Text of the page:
Navonim - The Ramblings of Garnel Ironheart

Navonim - The Ramblings of Garnel Ironheart

Monday, 1 July 2013

Ethnicity Or Torah

One of the main differences in approach between religious and non-religious Jews is how they define a "good" Jew.  For religious Jews it's based mostly on personal practice and the regular learning of Torah.  For the non-religious definitions are based more on an ethnic basis.  Just like someone can be a good Italian simply by accident of birth and a like of ravioli, one can be a good Jew if one has even just a Jewish father and a liking of blintzes on Sundays.
Neither approach is entirely satisfactory.  While the Torah approach has more legitimacy since religious practice and learning has been what has kept our nation strong and distinct from the surrounding cultures for the last 3000 years it is foolish to assume that it can be the sole defining feature for what makes a Jew.  It fails to account for not only those legal differences in practice between Sephardim and Ashkenazim, for example, but also the cultural things that give each group its special flare. 
Why does this matter? Shouldn't Torah be enough?  Shouldn't we simply define our comradeship based on mutual appreciation of learning and practice?
I would venutre to say that it is not enough for a couple of reasons.  As keeps getting demonstrated almost daily it is quite obvious to state that Torah learning and personal practice does not a mensch make.  In fact reading the news out of Israel you sometimes sadly get the opposite impression, chalilah.  Based on my personal feelings it is sometimes very difficult for me to walk down the street in Bene Beraq and feel like I have anything in common with some of the folks on the street there.  This is not a good situation.
Another reason concerns the greater good of the Jewish nation.  Although, nebich, most Jews are not properly Torah observant (if at all) that does not make their innate status of Jews less valuable.  They have their place in God's grand scheme of things even if their personal level of practice suggests they don't agree.  We have enough enemies willing to reduce the size of our population.  We need not assist them through disenfranching our co-religionists.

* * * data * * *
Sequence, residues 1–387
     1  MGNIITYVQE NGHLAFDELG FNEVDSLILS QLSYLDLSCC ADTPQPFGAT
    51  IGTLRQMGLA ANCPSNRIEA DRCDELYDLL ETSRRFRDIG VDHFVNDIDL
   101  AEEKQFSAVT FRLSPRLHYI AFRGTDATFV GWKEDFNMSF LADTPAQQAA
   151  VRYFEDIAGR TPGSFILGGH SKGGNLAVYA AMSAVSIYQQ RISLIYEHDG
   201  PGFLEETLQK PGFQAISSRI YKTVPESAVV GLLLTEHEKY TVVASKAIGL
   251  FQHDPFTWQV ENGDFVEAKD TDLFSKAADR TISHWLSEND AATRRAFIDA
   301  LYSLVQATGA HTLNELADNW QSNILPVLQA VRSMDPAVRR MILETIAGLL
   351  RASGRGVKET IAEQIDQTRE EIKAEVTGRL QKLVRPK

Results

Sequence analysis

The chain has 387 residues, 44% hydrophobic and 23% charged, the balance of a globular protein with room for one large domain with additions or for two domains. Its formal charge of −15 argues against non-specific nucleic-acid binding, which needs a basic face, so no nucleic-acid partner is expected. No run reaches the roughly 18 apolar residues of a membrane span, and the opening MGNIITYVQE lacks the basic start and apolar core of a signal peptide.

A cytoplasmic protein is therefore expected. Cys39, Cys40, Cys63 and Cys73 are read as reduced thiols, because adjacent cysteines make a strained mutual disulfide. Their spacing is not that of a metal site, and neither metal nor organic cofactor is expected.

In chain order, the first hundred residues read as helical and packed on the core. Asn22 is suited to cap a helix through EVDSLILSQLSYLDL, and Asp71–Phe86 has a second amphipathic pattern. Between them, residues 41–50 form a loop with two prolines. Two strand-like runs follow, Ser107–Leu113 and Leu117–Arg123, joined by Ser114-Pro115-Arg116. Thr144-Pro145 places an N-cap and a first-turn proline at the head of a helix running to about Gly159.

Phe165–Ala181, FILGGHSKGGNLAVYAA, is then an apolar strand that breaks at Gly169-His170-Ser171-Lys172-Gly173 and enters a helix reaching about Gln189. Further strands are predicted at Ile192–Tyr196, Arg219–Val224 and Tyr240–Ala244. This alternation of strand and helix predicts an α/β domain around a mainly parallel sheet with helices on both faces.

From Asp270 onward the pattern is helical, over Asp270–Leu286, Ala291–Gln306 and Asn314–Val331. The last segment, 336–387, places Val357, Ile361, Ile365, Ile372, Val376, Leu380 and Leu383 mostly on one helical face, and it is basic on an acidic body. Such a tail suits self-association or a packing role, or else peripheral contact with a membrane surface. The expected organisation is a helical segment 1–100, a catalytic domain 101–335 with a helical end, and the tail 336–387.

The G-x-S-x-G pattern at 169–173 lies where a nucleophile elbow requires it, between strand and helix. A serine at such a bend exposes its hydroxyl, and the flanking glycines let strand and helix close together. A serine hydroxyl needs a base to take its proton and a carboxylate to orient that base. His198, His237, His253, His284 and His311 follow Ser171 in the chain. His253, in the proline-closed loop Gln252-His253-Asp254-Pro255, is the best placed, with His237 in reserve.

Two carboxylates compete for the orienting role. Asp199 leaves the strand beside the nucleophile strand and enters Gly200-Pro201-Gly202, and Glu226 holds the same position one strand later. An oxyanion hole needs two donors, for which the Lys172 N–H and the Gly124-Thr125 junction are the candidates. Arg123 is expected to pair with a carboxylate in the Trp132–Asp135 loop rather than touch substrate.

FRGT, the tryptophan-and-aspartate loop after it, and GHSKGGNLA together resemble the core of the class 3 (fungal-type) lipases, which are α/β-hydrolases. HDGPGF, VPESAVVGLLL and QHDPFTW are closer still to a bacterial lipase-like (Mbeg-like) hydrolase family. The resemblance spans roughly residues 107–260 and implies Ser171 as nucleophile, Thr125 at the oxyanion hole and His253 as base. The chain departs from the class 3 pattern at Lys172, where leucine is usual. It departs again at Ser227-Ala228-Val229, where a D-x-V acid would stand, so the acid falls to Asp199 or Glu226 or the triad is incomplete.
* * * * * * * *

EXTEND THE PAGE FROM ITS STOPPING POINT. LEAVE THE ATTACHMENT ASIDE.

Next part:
What's more, despite their lack of observance there is much we Orthodox Jews can learn from them.  ON one hand an ethnically exclusive approach to one's Jewishness leads to Howard Wolowitz - a stereotype that amuses the gentiles who watch while causing those who know what real Judaism is to cringe.  On the other hand might someone like Howard, befriended by frum Jews, have turned out more involved religiously, more conscious of his Judaism and its obligations?  
There is also a general sense of nationhood to consider.  If I meet another Jew I am not just meeting someone who puts matzoh balls in his chicken soup for taste.  I am meeting someone whose history goes back 3500 to yetzias Mitzraiym and beyond.  It doesn't matter if he's from Israel, Russia, South Africa or China.  When I see a Jew on the news he's one of mine.  This sense of camraderie is one of the factors in our survival after all the hardships we've been through.  And that sense doesn't necessary come from personal practice and Torah study.  How many ultra-Orthodox Jews are quite dismissive of Ethiopians because they're the wrong colour or demand that Sephardim wear Orea cookie outfits if they want to be considered properly observant?
Look at Israel right now, the conflict between the seculars and the Chilonim in particular.  With the language flying back and forth you'd think mortal enemies were about to clash. We are talking about Jews against Jews.  Shouldn't there be some moderation, some reaching out because we are all the same nation?
We are right now during the Three Weeks and Tisha B'Av should be a stark reminder that sinas chinam put us into golus and is keeping us there.  No, we can't approve of the ethnic Jew's claim that he is being "good".  We have standards that demand practical observance and learning of us.  But we must continue to feel a sense of brotherhood towards him or we are lost as a people.


frum single female said...

well said

Anonymous said...

Questions and comments:

Bene braq? Spelling?

Why be Jewish? Is a question that divides Jews big time.

I spent near a year in a baal teshuva yeshiva – blew my mind to realize that fellow Jews, OJers, actually put a lot of stress on belief in specific dogma/doctrine. This is a pre-Enlightenment way of knowing truth, and should not be encouraged! The goyim are into this: messiahs, literal bibles, no dinosaurs or evolution, adam and eve, global flood – oy vey what a discovery to me that my OWN were into this too.